The beta release of LibreOffice 4.3 is available this week with many new features being under development for this popular open-source office suite.
Among the features being worked on for LibreOffice 4.3 is going from a 16-bit character limitation of Writer paragraphs to now 32-bit, changes to navigation buttons and other UI elements, DrawingML import/export support, proportional image scaling support, support for printing comments in margins, improved formula engine support within the Calc spreadsheet, auto detection of fax4CUPS printers, improved PDF importing, improved OOXML support, and many other changes.
The developers from The Document Foundation are making some progress in the new 4.3 branch, which promises to bring some very interesting changes, not only under the hood of the software, but also in the visual department.
There are no particular details about this branch of the application, but the devs have made public some of their goals for the 4.3 release.
The autonomous region of Galicia will this year migrate at least one-thousand government workstations to exclusively use the LibreOffice open source suite of office solutions, it announced on 30 April. The government also said it would start raising awareness among the region's public administrations about the advantages of sharing, and promoting the reuse of ICT solutions. The government has reserved a 147,000 euro budget for this year's free software actions.
Today I would like to discuss a boring subject: Spreadsheets. Actually it’s not that boring when you come to think of it. At least I’m going to try not to make it boring. Let me set something straight first: Spreadsheets are not just about numbers; they are about data. You may have already read Michael Meeks’ article on LibreOffice’s major rewrite of its spreadsheet engine (the much famed Ixion engine that was alluded to first in 2010) and indeed this is a major development for LibreOffice and ultimately for office suites in general – I’ll come back to that later- but this post is not an appreciation article for Michael and Kohei, it’s about how we think of spreadsheets, why we tend to think of them in a very limited way, and how we could redefine the uses of LibreOffice Calc. 256px-LibreOffice_4.0_Calc_Icon.svg
The Document Foundation has announced that the final version for LibreOffice 4.2.4 is now available for all platforms, including Linux.
This is just a maintenance release for the 4.2.x branch and features a moderate number of fixes and changes, but users who have this office suite installed should upgrade as soon as possible...
The improved accessibility features included in today's new version of Apache OpenOffice, an open source suite of office productivity tools, is good news for public administrations, expects Rob Weir, Project Management Committee Member at the Apache Software Foundation. Public administrations favour software solutions with strong accessibility support, he says. "By including Iaccesible2 support, we've removed a potential objection against the adoption of OpenOffice."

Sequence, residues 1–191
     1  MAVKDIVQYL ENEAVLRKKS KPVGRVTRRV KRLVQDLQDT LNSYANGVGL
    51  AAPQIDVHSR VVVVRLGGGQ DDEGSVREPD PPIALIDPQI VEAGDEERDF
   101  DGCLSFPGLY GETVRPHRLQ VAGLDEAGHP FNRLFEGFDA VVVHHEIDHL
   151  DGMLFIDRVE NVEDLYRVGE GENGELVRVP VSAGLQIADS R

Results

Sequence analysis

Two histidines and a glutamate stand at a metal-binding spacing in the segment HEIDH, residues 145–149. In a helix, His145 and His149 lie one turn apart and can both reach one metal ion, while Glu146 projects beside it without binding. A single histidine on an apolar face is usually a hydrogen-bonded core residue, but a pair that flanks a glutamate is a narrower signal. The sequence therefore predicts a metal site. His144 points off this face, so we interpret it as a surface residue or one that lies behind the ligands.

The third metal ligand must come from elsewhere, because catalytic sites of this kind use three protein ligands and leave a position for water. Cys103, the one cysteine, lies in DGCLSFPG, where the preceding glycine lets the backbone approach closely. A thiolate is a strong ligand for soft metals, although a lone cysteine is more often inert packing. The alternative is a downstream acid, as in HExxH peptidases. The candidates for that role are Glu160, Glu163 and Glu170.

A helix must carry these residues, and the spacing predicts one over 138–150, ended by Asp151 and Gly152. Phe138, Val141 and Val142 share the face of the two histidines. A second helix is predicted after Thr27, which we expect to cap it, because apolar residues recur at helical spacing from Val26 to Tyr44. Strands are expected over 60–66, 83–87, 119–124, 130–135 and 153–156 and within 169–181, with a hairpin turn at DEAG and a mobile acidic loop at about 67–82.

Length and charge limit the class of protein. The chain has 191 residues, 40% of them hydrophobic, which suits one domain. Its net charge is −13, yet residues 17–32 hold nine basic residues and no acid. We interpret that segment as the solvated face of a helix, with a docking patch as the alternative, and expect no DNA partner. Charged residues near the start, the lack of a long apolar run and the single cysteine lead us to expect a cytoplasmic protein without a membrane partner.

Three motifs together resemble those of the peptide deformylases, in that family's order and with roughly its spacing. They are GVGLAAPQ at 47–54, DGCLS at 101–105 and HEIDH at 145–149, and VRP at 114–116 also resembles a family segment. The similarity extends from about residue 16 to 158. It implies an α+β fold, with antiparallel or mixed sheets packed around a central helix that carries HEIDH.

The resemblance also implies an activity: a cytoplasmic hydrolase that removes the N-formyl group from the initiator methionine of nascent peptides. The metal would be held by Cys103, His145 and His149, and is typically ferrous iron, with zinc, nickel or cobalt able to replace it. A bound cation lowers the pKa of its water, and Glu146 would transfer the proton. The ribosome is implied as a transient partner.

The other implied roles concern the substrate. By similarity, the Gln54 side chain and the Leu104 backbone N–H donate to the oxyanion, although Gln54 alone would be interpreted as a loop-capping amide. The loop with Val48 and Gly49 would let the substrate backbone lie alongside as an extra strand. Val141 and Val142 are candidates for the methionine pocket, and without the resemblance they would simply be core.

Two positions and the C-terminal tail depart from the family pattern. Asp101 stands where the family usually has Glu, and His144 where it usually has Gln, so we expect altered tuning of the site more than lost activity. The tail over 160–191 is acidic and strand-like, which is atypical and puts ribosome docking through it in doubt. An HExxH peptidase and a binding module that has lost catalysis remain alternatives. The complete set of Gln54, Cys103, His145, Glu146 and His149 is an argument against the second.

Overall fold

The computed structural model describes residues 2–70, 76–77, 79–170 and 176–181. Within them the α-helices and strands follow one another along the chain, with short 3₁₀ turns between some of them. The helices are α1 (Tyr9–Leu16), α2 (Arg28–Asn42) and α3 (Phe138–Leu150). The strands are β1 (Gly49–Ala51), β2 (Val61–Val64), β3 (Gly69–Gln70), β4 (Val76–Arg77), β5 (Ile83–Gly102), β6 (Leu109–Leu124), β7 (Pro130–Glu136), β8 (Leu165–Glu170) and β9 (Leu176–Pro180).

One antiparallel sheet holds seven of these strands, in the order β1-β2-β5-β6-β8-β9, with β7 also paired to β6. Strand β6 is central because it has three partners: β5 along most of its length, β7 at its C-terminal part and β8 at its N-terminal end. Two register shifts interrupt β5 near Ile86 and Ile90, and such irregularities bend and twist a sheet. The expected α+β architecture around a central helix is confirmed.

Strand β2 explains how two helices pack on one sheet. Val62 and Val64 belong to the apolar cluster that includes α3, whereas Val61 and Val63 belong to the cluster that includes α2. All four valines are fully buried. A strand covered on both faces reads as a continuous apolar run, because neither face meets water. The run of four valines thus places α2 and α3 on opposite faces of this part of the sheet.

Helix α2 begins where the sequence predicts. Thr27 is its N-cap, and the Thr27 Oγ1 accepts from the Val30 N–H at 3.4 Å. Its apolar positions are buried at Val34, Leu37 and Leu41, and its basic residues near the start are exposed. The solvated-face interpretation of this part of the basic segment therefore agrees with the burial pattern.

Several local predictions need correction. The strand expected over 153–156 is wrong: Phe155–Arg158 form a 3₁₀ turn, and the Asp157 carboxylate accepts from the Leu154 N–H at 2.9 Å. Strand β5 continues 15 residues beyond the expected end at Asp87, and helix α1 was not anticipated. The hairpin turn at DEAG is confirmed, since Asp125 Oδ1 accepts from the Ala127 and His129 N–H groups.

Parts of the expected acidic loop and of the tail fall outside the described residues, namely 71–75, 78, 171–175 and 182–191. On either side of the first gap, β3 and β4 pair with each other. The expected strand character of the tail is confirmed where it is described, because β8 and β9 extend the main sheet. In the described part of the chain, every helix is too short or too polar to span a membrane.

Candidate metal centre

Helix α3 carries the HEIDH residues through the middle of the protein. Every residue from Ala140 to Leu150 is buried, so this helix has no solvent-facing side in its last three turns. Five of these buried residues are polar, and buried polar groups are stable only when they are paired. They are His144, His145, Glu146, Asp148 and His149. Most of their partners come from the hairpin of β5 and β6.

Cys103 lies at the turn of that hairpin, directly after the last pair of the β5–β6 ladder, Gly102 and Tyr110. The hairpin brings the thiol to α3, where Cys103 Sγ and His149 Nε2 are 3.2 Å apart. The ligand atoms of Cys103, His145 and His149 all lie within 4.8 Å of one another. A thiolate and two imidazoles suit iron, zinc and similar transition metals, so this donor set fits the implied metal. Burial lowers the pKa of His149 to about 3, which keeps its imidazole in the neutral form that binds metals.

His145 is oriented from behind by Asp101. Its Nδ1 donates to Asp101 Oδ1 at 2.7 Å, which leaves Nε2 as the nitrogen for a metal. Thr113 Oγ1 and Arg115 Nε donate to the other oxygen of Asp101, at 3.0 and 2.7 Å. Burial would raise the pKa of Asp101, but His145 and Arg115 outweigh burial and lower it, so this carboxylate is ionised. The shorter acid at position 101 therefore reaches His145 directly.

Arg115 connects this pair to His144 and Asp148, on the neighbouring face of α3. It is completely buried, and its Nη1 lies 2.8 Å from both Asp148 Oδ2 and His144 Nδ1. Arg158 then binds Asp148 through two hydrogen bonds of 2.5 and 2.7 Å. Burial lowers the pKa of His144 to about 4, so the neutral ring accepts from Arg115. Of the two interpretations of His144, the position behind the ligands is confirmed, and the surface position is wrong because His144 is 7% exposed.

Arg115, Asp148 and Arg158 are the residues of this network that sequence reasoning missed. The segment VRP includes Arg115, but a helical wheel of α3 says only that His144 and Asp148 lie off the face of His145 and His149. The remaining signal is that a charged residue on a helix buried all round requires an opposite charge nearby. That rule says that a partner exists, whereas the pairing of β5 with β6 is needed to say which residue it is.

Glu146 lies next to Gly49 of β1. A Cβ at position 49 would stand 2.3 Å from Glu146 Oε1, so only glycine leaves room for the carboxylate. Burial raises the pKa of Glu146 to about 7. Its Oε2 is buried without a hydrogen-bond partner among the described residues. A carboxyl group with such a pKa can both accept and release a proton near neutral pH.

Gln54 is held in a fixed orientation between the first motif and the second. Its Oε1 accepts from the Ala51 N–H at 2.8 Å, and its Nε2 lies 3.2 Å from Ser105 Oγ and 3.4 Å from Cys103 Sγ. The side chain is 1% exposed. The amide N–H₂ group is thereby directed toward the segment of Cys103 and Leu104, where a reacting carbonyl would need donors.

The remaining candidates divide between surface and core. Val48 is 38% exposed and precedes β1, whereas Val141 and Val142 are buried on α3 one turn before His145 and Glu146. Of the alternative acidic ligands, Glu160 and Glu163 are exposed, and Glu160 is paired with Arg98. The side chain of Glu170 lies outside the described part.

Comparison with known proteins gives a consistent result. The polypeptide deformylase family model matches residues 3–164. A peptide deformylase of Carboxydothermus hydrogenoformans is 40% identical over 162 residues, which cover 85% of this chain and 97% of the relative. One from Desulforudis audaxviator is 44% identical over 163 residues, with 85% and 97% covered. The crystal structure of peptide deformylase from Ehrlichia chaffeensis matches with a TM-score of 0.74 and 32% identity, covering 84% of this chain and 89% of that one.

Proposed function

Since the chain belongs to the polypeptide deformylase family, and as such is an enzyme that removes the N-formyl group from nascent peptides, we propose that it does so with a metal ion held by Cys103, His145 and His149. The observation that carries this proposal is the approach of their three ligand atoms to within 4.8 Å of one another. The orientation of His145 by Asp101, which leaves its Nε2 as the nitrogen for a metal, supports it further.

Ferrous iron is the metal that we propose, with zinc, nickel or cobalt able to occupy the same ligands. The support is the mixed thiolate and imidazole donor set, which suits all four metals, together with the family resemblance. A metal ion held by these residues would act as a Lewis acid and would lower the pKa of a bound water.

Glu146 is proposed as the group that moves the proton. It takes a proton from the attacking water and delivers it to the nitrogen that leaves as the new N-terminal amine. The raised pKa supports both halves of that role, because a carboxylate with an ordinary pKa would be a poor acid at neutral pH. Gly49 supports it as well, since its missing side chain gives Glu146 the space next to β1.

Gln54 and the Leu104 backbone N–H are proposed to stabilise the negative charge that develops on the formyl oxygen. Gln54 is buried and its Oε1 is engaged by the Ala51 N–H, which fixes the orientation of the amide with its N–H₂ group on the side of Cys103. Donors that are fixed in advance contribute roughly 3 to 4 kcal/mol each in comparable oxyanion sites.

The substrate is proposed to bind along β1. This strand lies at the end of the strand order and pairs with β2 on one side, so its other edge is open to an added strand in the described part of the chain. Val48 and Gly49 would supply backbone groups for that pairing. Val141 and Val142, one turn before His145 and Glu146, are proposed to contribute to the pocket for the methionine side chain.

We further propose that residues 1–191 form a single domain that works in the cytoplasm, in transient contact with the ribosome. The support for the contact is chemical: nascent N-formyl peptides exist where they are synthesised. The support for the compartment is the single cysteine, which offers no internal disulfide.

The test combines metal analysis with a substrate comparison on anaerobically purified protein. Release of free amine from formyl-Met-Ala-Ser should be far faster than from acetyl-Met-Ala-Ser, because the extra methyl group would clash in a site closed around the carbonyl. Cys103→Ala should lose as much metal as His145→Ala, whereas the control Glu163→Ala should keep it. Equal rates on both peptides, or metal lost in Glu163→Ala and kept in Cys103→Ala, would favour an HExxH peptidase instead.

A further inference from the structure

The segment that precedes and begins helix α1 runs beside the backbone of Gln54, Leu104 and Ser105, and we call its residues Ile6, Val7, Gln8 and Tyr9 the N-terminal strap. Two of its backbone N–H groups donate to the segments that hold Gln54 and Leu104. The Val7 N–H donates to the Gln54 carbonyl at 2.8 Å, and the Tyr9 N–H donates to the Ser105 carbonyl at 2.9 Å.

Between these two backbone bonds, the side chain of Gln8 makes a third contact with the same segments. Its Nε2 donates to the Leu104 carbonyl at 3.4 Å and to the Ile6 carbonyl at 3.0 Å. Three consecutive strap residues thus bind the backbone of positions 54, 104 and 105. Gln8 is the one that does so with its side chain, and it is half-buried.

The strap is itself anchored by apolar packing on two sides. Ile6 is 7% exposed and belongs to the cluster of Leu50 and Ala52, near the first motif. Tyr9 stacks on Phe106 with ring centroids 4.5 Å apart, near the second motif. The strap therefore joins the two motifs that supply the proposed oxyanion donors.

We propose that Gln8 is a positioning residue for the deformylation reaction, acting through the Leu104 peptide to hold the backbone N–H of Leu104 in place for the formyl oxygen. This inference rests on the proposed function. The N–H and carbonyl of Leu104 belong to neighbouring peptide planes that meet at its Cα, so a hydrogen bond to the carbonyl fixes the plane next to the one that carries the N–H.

All the supported platforms have received this new update, but this is a maintenance build that’s mostly about bug fixes, which means that it fits perfectly in what has been made available so far, with no major surprises.
“LibreOffice 4.1.6 is the last release of the LibreOffice 4.1 family, targeted to large deployments in enterprises and public administrations, which should always be supported by TDF certified developers. Today, we users can choose between LibreOffice 4.2.3 Fresh, targeted to early adopters and technology enthusiasts, and LibreOffice 4.1.6 Stable targeted to enterprise deployments and conservative users,” said Florian Effenberger, TDF executive director.
Today in Linux news is a lot of suggestions on what to do to avoid the pitfalls of Heartbleed and InfoWorld.com runs down some in simple terms. In other news, Phoronix.com is reporting that NVIDIA overclocking is back with latest drivers. And finally, a fresh LibreOffice 4.2.3 was released yesterday.
Plug.and.socket 142One of the two articles of faith that Eric Kriss and Peter Quinn embraced in drafting their evolving Enterprise Technical Reference Model (ETRM) was this: products built to “open standards” are more desirable than those that aren’t. Superficially, the concept made perfect sense – only buy products that you can mix and match. That way, you can take advantage of both price competition as well as a wide selection of alternative products from multiple vendors, each with its own value-adding features. And if things don’t work out, well, you’re not locked in, and can swap out the loser and shop for a winner.
By the end of December 2005, I had been blogging on ODF developments in Massachusetts for about four months, providing interviews, legal analysis and news as it happened. In those early days, not many bloggers were covering the ODF story, and email began to come my way from people that I had never met before, from as far away as Australia, and as near as the State House in Boston. Some began with, “This seems really important – what can I do to help?” Others contained important information that someone wanted to share, and that I was happy to receive.